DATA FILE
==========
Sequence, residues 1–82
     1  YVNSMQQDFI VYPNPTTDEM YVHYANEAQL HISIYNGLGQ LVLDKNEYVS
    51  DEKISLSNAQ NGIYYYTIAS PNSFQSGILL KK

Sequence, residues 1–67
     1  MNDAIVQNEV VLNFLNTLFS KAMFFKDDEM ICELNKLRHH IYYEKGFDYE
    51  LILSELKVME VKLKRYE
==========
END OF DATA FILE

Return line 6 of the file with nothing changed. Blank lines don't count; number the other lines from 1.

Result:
    51  LILSELKVME VKLKRYE